Search Interest

    External References


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  • 01/29/18--17:50: Senori Derponi Shroomi
  • it’s how i am derpy and shrooms the rated film i enjoyed ended up in my insane mind.


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  • 01/29/18--21:42: Best Gyms in Wilmington NC
  • Looking for the best gyms in Wilmington, NC? Wait a moment! Why to go anywhere when a gym can come to your home. Yes, contact Lime Gorilla at 833-546-3348 because we bring a gym to our clients with a personalized fitness program and a personal trainer. Visit http://limegorilla.co/about-us/who-we-are/


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  • 01/30/18--07:42: Is Your Teen Texting About
  • About

    Is Your Child Texting About is a phrasal template meant to parody alarmist new reports regarding secret text-messaging codes that teenagers use. In this case, the code language is focused on a particular subculture, which in the context of the meme appears innocent.

    Origin

    While reports about teen texting languages have been made about such apps as Snapchat as well as text-message abbreviates, like LOL for the last decade, the earliest known instance of the parody was posted on June 21st, 2017 by Twitter[1] user @frost_emma. That day, the user posted a 2016 stock photograph[2] of a woman staring anxiously at her cell phone above a list of terms under the title “Is Your Teen Texting About Classical Music?” The post (shown below) received nine retweets and 11 likes. However, when shared on FunnyJunk, [3] the meme received more than 1,000 upvotes, and on the /r/ClassicalMemes[4]subreddit, it received more than 200 points (98% upvotes).

    Search Interest

    External References


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  • 01/30/18--08:14: Parallel Lines
  • About

    Parallel Lines refers to an exploitable image demonstrating the definition of parallel lines, two lines which are the same distance apart and never touch. In the exploitable edits, the lines are labeled different things to make a humorous point about how two different objects never intersect.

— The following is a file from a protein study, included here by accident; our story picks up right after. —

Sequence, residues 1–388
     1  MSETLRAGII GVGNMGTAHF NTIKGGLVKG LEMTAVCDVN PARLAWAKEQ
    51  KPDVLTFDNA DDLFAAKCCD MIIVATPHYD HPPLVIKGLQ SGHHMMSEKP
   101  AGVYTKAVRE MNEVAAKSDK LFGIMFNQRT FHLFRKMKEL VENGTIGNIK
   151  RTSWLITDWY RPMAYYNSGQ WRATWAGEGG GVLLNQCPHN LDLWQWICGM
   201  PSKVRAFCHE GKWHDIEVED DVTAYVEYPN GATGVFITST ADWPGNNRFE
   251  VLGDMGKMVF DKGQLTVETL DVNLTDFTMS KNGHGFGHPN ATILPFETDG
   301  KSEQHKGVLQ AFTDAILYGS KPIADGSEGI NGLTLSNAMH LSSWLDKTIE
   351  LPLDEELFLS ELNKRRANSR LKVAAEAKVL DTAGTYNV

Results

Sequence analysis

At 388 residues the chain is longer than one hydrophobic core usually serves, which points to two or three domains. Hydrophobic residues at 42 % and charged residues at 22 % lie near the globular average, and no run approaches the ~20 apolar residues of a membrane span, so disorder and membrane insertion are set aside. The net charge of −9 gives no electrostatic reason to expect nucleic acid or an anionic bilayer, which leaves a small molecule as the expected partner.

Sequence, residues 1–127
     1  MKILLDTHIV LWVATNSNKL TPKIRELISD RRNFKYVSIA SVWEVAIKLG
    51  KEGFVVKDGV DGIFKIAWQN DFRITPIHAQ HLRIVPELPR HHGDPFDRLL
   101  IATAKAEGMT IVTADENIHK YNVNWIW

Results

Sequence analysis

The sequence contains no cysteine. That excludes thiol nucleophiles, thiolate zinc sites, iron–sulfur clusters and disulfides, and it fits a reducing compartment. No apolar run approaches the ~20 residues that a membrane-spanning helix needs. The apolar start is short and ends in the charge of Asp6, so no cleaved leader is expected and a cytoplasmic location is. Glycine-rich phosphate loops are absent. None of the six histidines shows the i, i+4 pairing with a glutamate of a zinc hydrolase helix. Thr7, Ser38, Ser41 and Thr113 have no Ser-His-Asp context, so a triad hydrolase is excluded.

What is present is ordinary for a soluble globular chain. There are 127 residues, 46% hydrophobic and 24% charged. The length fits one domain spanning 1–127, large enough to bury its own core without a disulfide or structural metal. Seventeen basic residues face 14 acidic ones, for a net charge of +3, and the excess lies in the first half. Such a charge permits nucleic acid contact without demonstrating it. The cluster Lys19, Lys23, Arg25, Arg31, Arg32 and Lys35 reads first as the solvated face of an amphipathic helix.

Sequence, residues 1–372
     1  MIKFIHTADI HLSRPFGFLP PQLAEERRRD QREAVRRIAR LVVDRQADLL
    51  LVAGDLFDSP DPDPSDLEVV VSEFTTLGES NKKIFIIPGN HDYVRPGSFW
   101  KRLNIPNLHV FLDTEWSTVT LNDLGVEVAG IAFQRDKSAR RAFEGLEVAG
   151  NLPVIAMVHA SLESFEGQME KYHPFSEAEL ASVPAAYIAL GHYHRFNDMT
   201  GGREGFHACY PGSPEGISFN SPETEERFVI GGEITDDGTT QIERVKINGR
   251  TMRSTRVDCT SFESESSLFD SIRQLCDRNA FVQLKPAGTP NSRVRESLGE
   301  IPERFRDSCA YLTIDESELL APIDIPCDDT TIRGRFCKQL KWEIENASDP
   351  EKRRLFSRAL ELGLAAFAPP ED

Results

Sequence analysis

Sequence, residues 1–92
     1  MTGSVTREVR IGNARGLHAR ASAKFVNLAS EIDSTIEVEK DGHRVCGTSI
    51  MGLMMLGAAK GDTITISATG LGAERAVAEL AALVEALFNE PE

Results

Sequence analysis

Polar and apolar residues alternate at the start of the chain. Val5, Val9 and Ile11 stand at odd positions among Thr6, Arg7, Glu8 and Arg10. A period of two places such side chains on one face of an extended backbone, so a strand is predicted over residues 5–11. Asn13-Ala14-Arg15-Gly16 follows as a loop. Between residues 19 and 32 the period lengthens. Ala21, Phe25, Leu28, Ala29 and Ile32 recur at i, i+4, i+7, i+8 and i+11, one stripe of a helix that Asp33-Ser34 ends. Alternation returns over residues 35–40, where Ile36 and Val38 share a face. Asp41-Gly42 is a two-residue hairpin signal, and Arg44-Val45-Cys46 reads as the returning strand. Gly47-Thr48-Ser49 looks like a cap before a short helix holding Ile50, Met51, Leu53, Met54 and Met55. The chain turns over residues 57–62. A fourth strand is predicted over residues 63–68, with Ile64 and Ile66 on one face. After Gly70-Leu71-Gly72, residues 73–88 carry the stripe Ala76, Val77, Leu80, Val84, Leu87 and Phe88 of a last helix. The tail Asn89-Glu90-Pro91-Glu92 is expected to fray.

Origin

    On January 29th, 2018, Redditor shadesofgabe uploaded an image of parallel lines to /r/dankmemes,[1] making a “mods are gay” joke typical to the subreddit. The post gained over 21,000 upvotes (shown below).



    Spread

    Over the following day, the several users of the subreddit began creating images with the template. However, many of the posts using the template were made commenting on how it seemed unlikely the template would grow popular. Hours after the first post began getting popular on the subreddit, Redditor RodYT[2] uploaded a meta version to /r/dankmemes mocking the subreddit, gaining over 4,400 upvotes (shown below, left). Redditor Omrriii[3] uploaded a joke about how the format was destined to be quickly overused, gaining over 180 upvotes (shown below, right).



    Meanwhile, the format began trending on /r/MemeEconomy. Several posts on the subreddit reposted the original image. The most popular gained over 100 upvotes.[4] shadesofgabe, the poster of the original image in /r/dankmemes, posted a template in /r/MemeEconomy that gained over 30 upvotes (shown below, left). Another popular post in the subreddit made a joke about rotating text in MS paint, gaining over 40 upvotes (shown below, right).